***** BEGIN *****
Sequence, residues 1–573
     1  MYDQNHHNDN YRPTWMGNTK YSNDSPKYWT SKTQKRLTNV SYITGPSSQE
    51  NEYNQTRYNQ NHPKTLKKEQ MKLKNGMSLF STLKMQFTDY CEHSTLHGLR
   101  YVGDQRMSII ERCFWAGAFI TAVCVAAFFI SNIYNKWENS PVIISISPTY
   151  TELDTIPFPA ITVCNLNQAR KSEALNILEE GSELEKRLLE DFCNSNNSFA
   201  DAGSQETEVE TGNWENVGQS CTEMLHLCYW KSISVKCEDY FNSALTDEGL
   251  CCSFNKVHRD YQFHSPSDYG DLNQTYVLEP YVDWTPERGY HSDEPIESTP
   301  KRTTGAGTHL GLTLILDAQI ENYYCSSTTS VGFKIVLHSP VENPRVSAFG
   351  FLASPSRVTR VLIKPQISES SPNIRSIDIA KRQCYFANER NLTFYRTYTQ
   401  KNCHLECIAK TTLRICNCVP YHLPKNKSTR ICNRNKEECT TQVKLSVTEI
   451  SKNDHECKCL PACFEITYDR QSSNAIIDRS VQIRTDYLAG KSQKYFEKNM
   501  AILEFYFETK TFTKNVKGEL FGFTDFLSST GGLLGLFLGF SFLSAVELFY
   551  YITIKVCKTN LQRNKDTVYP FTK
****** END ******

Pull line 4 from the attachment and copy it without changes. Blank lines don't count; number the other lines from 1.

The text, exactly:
   101  YVGDQRMSII ERCFWAGAFI TAVCVAAFFI SNIYNKWENS PVIISISPTY